Please take a listen to the absolutely fabulous score by composer David Shire!
Have a look at the original trailer to this classic film!
Take a gander at these great alternate posters for the film, HERE and HERE!
As discussed in the podcast, PLEASE check out these EXCLUSIVE interviews with former NYPD Homicide Detective turned Hollywood legend Randy Jurgensen, as he discusses and lays out this era in both cinema and the country (particularly in New York City), of the late 60’s and 70’s. Must listens for any film or history fans.
Here’s the original trailer for the 1998 television adaptation of The Taking of Pelham 1 2 3!
And lastly, have a listen to the 1994 Beastie Boys song Sure Shot, where not only due the B Boys name check this week’s movie, but also give shout-outs to Dr. John, Lee Dorsey, Kojak, John Woo, Rod Carew, Lee Perry, Vaughn Bode and Cheech Wizard, and good old Ma Bell… all in one tune. Impressive.
The boys are back for their last episode of Saturday Night Movie Sleepovers for 2017! J. Blake and Dion Baia are going back once again to that endless well that has been so plentiful for them this year, and tackling one more from 1987! This time around they’re chatting an action classic, one that kick-started an entire franchise. To answer the age-old question: what do you get when you take an unhinged cop who gets partnered up with another whose got retirement on the mind? Well you get the Richard Donner essential, Lethal Weapon, from 1987.
The guys jump right into this Christmas-centric flick by discussing the sub, subgenre of Christmas-related action movies. They chat about what the allure is of having so many of these type of genre films set within the Holiday season. They talk about screenwriter Shane Black and the original script that was even deemed “to dark” by the studio and others involved. Dion and Blake analyze the insane ‘what-if ‘ game for this go-around, looking at how different of a movie this could have been with an alternate cast, had the other actors considered, been chosen. They also look back at the other influences in cinema and within the ‘police genre’ that led Hollywood to Lethal Weapon, and how this benchmark reset the action film for the years to come. So, what 1980’s action flick do the boys think should have been set at Christmas time? Was this actually the first use of a modern cellphone within a movie? And did Dion actually think once upon a time that the film’s title had to be spoken within the movie? Well everyone better make sure their Beretta‘s and Smith & Wesson‘s are cleaned and ready for use, cause the boys are taking you for one last ‘ride along’ on this last, all new 2017 holiday edition of Saturday Night Movie Sleepovers!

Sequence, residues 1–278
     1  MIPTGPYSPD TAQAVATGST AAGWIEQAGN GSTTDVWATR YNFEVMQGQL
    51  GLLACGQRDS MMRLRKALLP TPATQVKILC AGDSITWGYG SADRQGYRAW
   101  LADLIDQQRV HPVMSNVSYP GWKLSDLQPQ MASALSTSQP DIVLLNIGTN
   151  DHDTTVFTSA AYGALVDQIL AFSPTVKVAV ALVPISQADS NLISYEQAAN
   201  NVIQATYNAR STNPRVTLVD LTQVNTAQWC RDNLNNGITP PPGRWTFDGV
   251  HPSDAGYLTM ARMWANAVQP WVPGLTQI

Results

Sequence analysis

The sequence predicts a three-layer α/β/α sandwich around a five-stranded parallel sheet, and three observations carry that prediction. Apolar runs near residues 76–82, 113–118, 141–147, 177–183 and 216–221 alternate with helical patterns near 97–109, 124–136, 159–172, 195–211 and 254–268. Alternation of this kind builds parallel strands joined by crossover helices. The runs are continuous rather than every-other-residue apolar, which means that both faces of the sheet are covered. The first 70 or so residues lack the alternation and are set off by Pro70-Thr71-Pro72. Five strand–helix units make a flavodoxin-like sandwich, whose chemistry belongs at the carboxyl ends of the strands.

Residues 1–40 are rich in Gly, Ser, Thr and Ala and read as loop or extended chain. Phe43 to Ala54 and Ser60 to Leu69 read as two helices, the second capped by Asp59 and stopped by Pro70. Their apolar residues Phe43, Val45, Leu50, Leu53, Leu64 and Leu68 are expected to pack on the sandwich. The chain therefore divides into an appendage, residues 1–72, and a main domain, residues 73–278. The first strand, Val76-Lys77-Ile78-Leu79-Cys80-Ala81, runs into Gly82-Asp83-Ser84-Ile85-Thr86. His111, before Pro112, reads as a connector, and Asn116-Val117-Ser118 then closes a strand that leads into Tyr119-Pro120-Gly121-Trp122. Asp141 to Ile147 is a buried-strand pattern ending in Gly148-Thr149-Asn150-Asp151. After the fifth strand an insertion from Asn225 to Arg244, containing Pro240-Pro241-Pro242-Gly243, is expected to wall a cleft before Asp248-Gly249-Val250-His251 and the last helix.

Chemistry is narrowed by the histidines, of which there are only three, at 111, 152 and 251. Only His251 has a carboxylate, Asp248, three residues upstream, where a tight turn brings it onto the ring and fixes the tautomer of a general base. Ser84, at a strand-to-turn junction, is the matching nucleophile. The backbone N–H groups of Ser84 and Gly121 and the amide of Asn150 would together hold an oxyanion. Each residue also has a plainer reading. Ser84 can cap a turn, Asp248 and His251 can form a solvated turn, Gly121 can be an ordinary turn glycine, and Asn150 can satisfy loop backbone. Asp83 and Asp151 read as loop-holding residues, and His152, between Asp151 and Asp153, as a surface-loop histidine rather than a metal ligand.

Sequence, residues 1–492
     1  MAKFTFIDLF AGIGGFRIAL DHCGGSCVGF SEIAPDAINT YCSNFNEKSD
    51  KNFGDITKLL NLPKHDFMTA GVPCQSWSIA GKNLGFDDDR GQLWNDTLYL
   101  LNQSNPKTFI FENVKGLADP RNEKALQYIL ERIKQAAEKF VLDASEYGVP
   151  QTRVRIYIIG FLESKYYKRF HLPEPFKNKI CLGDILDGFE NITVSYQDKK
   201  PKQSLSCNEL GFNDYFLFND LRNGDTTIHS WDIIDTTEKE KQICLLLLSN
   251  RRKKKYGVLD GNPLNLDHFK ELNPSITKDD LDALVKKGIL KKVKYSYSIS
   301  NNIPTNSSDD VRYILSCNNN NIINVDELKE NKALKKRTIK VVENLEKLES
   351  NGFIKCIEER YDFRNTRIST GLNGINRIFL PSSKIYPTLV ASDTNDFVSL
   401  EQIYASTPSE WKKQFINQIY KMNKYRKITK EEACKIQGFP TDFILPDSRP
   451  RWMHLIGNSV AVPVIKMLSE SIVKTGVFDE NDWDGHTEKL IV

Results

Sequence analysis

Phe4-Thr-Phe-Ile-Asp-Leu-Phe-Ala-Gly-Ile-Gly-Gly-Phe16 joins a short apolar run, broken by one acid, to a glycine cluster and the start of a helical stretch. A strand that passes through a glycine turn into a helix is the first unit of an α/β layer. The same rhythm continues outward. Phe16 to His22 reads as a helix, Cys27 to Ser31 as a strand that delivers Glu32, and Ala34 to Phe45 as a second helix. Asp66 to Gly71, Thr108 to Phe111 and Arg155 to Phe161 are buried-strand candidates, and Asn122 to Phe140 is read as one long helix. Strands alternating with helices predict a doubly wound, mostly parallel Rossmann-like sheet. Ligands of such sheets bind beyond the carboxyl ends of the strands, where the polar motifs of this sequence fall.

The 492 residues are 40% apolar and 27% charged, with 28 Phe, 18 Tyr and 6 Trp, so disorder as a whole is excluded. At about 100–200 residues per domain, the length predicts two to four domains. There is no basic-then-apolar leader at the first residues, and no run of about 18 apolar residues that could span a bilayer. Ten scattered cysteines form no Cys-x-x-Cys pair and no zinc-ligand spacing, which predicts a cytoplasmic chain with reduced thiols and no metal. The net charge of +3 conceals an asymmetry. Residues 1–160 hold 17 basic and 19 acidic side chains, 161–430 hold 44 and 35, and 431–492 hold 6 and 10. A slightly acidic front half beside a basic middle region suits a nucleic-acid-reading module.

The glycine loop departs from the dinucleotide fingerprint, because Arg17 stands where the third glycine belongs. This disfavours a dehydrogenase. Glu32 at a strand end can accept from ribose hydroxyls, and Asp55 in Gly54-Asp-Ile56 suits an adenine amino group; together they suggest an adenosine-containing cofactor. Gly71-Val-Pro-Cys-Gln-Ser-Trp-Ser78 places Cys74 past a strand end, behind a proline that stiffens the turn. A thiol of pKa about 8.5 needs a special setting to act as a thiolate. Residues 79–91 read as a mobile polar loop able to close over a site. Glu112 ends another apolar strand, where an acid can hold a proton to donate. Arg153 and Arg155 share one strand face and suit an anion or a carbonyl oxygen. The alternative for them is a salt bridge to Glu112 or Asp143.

Here’s the deleted opening bar scene that was to originally intro Martin Riggs.
Check out this deleted scene of Riggs picking up a prostitute just to watch the Three Stooges with him.
Have a look at the notorious deleted sniper-at-a-school scene, that was another way of introducing Riggs.
Take a look at the original ending for Lethal Weapon.
Here’s the extended jumper scene.
Lastly, check out this original teaser trailer for Lethal Weapon, that features some scenes that did not make it into the final cut.
Welcome to a special installment of Saturday Night Movie Sleepovers! The boys decided to pull an audible and slip a special edition into the regular scheduled episodes and discuss a film that both Dion Baia and J. Blake have a mutual affinity for. This week they chat about the controversial Civil War Southern-Gothic thriller, The Beguiled, starring Clint Eastwood, from 1971.